Green has hit the mainstream and green products and alternatives are more plentiful than ever before. This increasing environmental consciousness is amazing, and it's something that will serve us well in the climate decade. However, it does come with one unfortunate side effect: greenwashing. Virtually every product you see these days is making some kind of green claim as everyone and their brother wants to cash in on a green scheme. So how can you tell which ones are real and which are fake?
Greenwashing is the process of conveying a false impression or providing misleading information about how a company's products or services are more environmentally sound. Also known as "green sheen," greenwashing is an attempt to capitalize on the growing demand for environmentally friendly products, whether that means they are more natural, healthier, free of chemicals, recyclable, or less wasteful of natural resources. Greenwashing takes advantage of well-intentioned customers who want to make more responsible and mindful choices about the products they buy in an effort to help fight against issues like global pollution or the climate crisis; more often than not, this is achieved by making vague claims about their products to make consumers feel better about buying them.
Products are greenwashed through a process of renaming, rebranding, or repackaging them. For example, companies involved in greenwashing behavior might make claims that their products are from recycled materials, don't use excessive packaging or have energy-saving benefits. Although some of the environmental claims might be partly true, companies engaged in greenwashing typically exaggerate their claims or the benefits in an attempt to mislead consumers.
Organic, all natural and green are just some examples of the widely used labels that can be confusing and misleading to consumers. "Natural" here does not say anything about how the turkeys were raised. And while "all natural" poultry can't be given hormones, it still can be raised with antibiotics.
As consumers, it is our responsibility to learn how to identify greenwashing, but even more, it is the company’s responsibility not to mislead their customers. There are many companies, brands, and products that are genuinely conscious of the environment, and the numbers are growing (and while some will say that there’s no such thing as a truly sustainable product, some products definitely have less environmental impact than others). However, many big brands continue to exploit consumers with trendy buzzwords and flashy marketing budgets.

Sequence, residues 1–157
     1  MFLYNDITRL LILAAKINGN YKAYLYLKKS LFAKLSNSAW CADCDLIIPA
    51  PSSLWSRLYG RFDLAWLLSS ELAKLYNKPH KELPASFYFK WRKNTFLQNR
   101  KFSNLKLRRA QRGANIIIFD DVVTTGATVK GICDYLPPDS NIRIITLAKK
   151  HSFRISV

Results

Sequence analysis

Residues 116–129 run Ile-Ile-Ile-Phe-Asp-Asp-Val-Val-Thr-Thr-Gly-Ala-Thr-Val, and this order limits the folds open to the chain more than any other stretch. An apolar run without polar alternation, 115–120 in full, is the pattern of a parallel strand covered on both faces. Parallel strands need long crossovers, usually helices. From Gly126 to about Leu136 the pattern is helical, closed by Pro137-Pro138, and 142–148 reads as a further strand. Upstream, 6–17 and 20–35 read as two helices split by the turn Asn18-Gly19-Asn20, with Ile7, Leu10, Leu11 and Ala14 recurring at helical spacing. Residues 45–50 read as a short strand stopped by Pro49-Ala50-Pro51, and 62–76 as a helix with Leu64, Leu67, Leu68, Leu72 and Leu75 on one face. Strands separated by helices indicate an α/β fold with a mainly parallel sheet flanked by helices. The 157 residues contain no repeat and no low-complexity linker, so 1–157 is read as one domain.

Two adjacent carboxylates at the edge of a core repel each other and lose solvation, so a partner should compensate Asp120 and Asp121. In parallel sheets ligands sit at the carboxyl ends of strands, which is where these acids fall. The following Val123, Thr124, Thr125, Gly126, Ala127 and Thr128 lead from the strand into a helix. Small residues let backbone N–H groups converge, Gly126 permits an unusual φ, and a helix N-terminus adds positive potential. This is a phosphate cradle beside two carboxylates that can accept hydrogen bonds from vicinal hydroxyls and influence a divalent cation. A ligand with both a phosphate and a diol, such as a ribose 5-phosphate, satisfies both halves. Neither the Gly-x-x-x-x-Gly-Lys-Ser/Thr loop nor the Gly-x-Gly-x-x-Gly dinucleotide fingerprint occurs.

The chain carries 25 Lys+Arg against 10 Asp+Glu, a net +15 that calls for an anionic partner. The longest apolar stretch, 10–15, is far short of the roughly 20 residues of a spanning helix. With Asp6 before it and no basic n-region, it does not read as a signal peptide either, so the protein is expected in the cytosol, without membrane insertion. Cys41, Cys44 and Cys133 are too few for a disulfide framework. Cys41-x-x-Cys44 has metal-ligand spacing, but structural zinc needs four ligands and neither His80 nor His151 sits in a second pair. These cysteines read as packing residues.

For example, in 2020, the Tide laundry detergent brand was called out for advertising that its Purclean detergent was 100% plant-based, when it was really only 75% plant-based. As a result, the company agreed to modify its plant-based claims that appeared on product labels.
Or take this packaging as another example.
At first glance, one would think that the bottle is made from paper fiber. However once you investigate further and peel away the layers, you find that it is actually still largely made of plastic. And yes, while it uses 66% less plastic than a typical 100oz. laundry bottle, you have still been grossly misguided.
Without more oversight on packaging claims and promotional language, greenwashing will remain common and difficult to spot. However, there are plenty of red flags for consumers to look out for while shopping for green products, from unaccredited or uncertified claims, to labels that don't really mean anything. Take the term cruelty-free: unless this label is accompanied by the Leaping Bunny label it doesn’t mean a thing. Another example is the term biodegradable: this is a popular greenwashing label, but in reality it means nothing. Most products will biodegrade, or break down, eventually, but that doesn’t mean they are eco-friendly.
Also ask yourself if the brand is promoting sustainability as the core to its business model, rather than just as an added benefit. Transparency can bridge the gap between artificial and genuine concern for the environment. At 1908 Brands, we do our best to tell our company's sustainability story and avoid greenwashing. We admit that we don't do everything a responsible company can do, (nor does anyone else we know). But we do tell you how we came to realize our environmental and social responsibilities, and then began to act on them.
CEO + Founder